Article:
Your source for news affecting the U.S. Social Security Administration/© Charles T. Hall
This industry is going through a major shake up right now. Binder's exit will leave a power vacuum at the top. It's possible that no one will fill it for a while since it's tough to make money in this part of the law. Personal injury attorneys, WC lawyers, and other 'dabblers' will be shook from the money tree as things continue to degrade for us. The ones that survive this downturn will be able to secure a stronger hold in the disability marketplace when things turn around.Some will argue that things will never turn around. Unexpected things happen every day. Things are pretty bad for disability attorneys, but this is a routine aspect of any industry. I think the best thing for disability attorneys to do in the mean time is to diversify their streams of income and wait until the glut of non-attorney reps recedes.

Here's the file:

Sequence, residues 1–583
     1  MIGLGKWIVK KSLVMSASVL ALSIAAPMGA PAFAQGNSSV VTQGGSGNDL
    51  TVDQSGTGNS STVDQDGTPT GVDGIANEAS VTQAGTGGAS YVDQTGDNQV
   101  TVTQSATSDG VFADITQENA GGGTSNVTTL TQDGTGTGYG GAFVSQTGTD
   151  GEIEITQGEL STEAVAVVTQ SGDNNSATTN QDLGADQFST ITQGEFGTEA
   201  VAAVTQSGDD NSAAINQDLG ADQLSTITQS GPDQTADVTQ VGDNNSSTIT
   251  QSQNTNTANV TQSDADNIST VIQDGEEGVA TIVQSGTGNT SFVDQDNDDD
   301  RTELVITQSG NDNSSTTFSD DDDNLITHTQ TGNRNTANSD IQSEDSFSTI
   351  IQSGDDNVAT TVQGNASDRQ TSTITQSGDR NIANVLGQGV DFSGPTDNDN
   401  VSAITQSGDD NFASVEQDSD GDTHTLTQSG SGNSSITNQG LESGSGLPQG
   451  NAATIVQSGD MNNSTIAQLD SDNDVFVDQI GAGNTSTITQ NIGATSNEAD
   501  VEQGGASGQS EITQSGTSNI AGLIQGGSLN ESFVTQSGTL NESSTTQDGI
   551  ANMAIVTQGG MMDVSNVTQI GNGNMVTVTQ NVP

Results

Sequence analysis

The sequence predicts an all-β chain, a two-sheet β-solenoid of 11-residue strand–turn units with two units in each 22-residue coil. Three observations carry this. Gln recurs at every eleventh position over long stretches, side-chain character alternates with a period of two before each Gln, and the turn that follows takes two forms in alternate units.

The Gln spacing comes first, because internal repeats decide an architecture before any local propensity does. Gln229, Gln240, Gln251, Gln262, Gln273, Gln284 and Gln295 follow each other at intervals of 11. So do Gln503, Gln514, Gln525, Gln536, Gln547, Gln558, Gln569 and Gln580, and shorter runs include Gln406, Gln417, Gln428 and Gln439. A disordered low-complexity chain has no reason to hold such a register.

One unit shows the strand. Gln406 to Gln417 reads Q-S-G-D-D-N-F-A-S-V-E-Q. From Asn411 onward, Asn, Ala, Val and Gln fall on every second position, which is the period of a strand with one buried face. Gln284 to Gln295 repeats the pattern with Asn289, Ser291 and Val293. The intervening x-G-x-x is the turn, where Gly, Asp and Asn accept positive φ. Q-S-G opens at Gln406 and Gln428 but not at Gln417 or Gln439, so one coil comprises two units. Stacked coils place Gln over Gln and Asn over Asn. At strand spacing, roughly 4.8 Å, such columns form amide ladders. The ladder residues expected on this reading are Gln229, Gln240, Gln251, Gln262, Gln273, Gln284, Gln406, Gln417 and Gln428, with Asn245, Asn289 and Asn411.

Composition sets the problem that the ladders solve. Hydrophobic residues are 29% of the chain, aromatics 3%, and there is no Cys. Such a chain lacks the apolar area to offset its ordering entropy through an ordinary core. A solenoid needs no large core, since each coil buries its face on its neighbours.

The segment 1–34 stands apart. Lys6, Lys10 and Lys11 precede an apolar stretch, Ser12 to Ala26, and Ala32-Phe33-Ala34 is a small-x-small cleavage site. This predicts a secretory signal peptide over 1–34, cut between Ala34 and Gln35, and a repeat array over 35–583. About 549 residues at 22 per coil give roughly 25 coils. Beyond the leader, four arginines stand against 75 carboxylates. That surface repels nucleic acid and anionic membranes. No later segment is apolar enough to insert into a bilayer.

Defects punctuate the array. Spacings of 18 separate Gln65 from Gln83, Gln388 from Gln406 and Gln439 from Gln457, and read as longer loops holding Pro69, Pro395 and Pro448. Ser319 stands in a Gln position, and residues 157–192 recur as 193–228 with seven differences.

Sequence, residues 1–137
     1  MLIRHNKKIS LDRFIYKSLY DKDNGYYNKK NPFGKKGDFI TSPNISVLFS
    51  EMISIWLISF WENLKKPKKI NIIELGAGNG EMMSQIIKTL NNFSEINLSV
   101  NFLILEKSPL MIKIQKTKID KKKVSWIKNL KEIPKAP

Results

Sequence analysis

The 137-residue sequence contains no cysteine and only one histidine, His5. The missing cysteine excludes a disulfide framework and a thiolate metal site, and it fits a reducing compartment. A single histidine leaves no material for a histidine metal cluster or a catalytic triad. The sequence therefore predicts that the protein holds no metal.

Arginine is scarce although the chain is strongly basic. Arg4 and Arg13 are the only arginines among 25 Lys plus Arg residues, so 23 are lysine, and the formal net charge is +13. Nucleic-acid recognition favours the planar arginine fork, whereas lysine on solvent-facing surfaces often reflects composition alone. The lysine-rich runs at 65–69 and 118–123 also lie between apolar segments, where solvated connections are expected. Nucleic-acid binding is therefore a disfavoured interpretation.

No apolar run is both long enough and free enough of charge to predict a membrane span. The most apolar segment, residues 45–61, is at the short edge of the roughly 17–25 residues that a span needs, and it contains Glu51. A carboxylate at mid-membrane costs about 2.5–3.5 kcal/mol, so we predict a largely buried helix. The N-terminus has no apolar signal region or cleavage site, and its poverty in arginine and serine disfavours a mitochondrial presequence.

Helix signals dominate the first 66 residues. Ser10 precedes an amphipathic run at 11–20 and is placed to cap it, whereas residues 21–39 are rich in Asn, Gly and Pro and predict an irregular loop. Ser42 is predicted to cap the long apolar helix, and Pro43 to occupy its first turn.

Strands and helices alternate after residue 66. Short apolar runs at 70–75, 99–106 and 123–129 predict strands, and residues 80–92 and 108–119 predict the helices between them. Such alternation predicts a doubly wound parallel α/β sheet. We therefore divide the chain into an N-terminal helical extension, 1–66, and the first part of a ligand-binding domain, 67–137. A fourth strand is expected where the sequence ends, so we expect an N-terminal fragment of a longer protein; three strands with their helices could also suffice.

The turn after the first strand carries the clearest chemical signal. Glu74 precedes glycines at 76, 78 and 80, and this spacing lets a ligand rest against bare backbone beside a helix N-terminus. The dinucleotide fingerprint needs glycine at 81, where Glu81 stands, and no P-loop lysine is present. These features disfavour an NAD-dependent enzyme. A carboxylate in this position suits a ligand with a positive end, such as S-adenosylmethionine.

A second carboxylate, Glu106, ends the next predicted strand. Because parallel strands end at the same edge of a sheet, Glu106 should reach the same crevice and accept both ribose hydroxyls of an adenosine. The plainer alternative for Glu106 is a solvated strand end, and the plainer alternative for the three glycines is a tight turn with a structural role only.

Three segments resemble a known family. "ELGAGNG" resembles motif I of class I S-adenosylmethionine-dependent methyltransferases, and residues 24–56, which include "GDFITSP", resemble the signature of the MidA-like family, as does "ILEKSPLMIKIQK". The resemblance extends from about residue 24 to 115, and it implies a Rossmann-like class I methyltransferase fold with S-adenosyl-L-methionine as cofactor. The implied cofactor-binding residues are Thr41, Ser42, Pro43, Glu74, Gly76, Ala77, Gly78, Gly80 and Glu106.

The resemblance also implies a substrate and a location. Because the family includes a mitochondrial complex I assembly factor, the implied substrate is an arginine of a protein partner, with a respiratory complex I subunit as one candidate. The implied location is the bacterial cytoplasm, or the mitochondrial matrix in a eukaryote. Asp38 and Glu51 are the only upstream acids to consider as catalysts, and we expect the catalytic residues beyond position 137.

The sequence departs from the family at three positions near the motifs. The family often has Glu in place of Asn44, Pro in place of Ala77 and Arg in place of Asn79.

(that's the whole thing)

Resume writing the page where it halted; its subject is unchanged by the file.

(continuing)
They are telling their employees that there are only going to be less than 400 of them in two years."In projections filed in court papers, Binder estimates its employee head count will drop to under 400 over the next two years."
Except they aren't telling their employees ANYTHING.
I'm pretty sure that the headcount drop to under 400 over the next two years is in a public filing, so they can't hide are hide this information.If the employees can use the Internet, they will find out that there are going to be massive layoffs in the future.
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